"There are probably a lot of variables that go into when somebody might be susceptible again," Woods said, referencing the reinfection case in the patient with the weakened immune system.
"Some of it might have to do with their own immune system and how their body reacted to the first infection," she continued. "There might be some individual-specific traits ... With four cases, it's impossible to figure that out."
There's still a lot to "tease out" about immunity at this stage, Dr. Allison Agwu, an infectious disease physician at John Hopkins in Baltimore, Maryland, told TODAY. "We have been challenged in finding hard-and-fast rules (for COVID-19) ... In some diseases, we can say definitely we know this equals that. We don't have those for this disease."
Still, there are few enough reinfection reports at this stage that Forman believes "there is some durable immunity of some type that prevents people from getting sick," he said.
What should the public do?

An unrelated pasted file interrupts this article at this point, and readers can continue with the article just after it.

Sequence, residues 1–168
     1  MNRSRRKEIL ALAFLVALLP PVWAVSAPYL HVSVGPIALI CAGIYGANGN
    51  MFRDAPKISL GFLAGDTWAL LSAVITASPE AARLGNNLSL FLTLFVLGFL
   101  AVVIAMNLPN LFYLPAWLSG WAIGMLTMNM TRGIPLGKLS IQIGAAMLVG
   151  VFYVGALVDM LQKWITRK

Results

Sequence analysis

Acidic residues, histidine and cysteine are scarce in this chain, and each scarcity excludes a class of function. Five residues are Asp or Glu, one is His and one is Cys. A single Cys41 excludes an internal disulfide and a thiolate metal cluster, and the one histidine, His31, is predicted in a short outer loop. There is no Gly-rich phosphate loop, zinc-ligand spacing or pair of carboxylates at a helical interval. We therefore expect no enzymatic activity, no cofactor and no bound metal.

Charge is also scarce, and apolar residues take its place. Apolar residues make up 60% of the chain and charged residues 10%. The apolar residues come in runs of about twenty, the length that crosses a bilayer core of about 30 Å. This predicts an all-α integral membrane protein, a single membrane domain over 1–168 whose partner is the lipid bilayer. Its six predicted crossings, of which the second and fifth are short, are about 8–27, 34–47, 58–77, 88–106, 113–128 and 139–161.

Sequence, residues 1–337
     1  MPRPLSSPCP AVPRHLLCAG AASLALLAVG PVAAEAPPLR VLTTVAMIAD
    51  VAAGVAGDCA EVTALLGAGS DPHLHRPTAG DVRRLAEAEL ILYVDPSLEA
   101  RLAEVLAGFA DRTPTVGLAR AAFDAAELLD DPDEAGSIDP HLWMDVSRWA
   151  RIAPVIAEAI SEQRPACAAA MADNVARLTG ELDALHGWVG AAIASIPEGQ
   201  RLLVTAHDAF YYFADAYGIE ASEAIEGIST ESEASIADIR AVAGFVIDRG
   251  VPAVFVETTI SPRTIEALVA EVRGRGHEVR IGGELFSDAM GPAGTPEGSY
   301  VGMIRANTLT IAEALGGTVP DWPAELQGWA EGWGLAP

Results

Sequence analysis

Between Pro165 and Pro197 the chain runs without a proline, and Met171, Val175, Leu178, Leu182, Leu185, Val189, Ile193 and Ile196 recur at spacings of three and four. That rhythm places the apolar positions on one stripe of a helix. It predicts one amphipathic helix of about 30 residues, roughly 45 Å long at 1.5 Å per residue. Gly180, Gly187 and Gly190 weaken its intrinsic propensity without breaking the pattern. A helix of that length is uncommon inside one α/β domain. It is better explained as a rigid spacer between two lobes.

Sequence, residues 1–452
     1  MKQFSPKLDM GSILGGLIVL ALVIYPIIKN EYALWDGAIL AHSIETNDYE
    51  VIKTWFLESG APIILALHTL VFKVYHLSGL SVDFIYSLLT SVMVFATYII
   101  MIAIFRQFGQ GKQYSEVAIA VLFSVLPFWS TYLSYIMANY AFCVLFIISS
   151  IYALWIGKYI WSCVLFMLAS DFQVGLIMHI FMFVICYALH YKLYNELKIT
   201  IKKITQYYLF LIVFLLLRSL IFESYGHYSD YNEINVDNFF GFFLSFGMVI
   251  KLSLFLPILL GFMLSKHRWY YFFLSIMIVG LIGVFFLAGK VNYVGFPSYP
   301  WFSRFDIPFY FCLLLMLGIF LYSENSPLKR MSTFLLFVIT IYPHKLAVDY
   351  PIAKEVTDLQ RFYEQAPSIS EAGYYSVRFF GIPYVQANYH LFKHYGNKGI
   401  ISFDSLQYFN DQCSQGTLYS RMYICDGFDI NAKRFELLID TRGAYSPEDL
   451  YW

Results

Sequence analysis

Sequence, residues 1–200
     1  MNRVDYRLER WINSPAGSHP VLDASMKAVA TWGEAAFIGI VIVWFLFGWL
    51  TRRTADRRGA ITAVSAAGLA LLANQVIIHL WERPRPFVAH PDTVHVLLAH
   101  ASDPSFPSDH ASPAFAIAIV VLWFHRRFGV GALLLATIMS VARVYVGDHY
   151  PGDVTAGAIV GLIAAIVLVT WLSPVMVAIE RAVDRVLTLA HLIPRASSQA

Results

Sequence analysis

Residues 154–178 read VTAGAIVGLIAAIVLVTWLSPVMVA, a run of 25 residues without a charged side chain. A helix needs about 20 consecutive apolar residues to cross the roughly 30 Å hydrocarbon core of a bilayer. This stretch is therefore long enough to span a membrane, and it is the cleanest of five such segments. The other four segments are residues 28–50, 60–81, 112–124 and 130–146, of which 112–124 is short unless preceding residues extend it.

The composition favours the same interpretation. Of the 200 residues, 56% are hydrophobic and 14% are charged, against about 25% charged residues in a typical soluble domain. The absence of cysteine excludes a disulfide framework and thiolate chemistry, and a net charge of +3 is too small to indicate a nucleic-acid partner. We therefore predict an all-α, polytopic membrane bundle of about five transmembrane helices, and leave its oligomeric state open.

Forman, Woods and Agwu all stressed that these reinfection reports reiterate the importance of taking precautions to prevent spread of the coronavirus, even if you've been infected recently. For example, Forman said the data suggests infected people should get tested again “after a certain interval” because it’s possible to be reinfected. “If you’re a family member showing up to a nursing home facility and you … had COVID five months ago, that’s no longer a definitive way of saying you don’t have to worry about this person anymore,” he added.
Woods, meanwhile, sees reinfection reports as "another opportunity to reinforce the things that we know work, which are hand-washing, distancing and masking ... It doesn't materially change what we're doing."
Agwu added that reinfection reports confirmed the medical community's suspicion and should not be cause for panic.
"With panic, there may be some futile behavior that comes out, 'I might as well not wear my mask' ... or 'I'll keep trying to get infected so I can build immunity.' None of that makes sense," she said. "We think (immunity) is probably in short order, but it's variable ... It's not a pass to stop wearing a mask ... and it's definitely not a pass on getting a vaccine when it becomes available."